New Finextra paper explores impact of robo on wealth management

New Finextra paper explores impact of robo on wealth management

A new research paper, produced by Finextra in association with EPAM, explores the rise of robo and asks how it will further reshape the advisory business and wealth management in the future.

On the face of it, the fintech story resonates very strongly in the wealth management business. Established players face revenue and cost challenges and are being squeezed by regulatory pressure on one side and increasingly demanding customers on the other. They have also fallen behind in the technology stakes, just at a time when the coming generation of investors is more tech-savvy than ever.

Into the breach have come the robo advisors - leveraging digital, providing ease of access and transparency, running a low cost operating model and attracting some $50 billion in assets under management by 2015, according to analyst Aite Group.

But as the paper - which is based on interviews with a wide range of traditional wealth managers and robo advisors - finds, the story in reality is more complex. In step with the fintech narrative across the financial industry as a whole, the trend is more towards collaboration than competition, and rather than the newcomers eating the lunch of the incumbents, a model of traditional advisory powered by digital capabilities is already emerging.

As Panos Archondakis, senior director, Wealth Management, EPAM, says: “Advisors typically have too many clients to service properly. They cannot possibly process all the information required, such as data, market news, research and product recommendations, in order to give the same level of advisory service to each customer on their books. Banks can leverage digital capabilities to process that flow of information and identify leads, opportunities, and recommendations that then can be provided to the advisor in a summarised form. And by addressing some of the operational and administrative workload the advisor has to get through just to have a client meeting, the automation of these processes will allow them to get in front of more clients with more relevant topics for discussion.”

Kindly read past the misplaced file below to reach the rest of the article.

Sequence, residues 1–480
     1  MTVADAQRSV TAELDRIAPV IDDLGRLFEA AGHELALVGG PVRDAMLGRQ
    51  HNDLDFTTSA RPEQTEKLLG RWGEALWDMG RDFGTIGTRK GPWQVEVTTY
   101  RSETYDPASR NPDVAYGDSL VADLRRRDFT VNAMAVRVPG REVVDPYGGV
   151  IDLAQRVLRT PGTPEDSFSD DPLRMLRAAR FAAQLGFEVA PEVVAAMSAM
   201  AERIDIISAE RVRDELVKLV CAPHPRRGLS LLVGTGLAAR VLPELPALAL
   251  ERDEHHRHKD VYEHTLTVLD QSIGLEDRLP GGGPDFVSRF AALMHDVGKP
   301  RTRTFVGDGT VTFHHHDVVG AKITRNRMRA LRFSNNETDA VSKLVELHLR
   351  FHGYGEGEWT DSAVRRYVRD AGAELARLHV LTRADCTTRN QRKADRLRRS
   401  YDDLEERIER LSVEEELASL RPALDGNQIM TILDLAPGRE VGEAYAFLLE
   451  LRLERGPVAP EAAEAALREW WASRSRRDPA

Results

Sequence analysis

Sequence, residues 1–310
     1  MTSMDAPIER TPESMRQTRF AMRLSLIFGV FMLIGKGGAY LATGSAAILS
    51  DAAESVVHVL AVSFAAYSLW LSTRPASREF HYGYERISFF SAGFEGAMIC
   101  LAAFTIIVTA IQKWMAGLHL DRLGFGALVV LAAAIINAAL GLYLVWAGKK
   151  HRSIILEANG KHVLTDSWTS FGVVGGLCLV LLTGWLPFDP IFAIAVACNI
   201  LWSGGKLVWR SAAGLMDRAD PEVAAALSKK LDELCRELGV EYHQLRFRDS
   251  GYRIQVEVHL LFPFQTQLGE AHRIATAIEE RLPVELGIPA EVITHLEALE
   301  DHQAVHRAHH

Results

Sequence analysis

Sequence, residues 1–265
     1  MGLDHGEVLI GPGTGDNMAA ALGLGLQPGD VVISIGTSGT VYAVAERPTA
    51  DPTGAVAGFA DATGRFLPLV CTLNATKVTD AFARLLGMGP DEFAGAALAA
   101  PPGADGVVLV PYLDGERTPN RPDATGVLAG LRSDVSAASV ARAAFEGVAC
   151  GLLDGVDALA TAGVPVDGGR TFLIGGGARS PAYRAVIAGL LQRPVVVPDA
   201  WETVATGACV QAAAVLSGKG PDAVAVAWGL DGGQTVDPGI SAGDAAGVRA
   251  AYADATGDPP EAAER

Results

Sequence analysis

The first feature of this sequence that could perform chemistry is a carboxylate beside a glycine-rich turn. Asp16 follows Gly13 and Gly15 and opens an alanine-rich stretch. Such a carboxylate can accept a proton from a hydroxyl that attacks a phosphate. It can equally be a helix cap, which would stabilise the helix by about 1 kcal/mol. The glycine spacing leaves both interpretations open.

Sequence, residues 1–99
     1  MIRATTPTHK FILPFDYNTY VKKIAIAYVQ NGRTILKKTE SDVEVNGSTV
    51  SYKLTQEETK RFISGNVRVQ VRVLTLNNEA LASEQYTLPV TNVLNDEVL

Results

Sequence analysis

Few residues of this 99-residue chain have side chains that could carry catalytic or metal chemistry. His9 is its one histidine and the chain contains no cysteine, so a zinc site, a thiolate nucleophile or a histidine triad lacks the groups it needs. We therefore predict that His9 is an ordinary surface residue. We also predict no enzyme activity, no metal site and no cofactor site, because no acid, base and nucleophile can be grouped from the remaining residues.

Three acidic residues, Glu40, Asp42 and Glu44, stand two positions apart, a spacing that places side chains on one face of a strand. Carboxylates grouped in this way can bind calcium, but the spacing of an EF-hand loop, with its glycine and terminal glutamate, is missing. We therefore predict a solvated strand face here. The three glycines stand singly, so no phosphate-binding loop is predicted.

The impact of digital certainly needs to be taken seriously, the report finds. While there is hype around robo, it is leveraging the changed buying habits of many people - comparison shopping, self-service, omni-channel, 24x7 - and the imminent shift of wealth to a next generation which certainly favours P2P, groupthink and social prods is a demographic fact. In addition, whatever the limitations of algorithms today, it would be unwise to underestimate just how much they will be able to do in the future.

In this context, the paper explores the different ways in which robo will continue to impact the wealth management industry going forward, and seeks to determine the future of advisory in light of the evolution of technology and its continued adoption by new and established players.

Download the paper here.

Comments: (2)

Chetan Ghadge
Chetan Ghadge - Wipro - Pune 08 September, 2016, 14:50Be the first to give this comment the thumbs up 0 likes

Private wealth customer prefer to get advice from human rather than a robot. If something can be automated it is commoditise, and I don't think private Wealth segment want commodity services.

Ketharaman Swaminathan
Ketharaman Swaminathan - GTM360 Marketing Solutions - Pune 08 September, 2016, 19:24Be the first to give this comment the thumbs up 0 likes

I tend to agree with Panos Archondakis. Not that I have any personal experience with wealth management - sigh:( - but I still remember an article on Sunday Times London from 2007-8 in which a British celebrity (forget his name) had said that even with a bank balance of GBP 26M, he got very little service, let alone any personalized service, from his bank.

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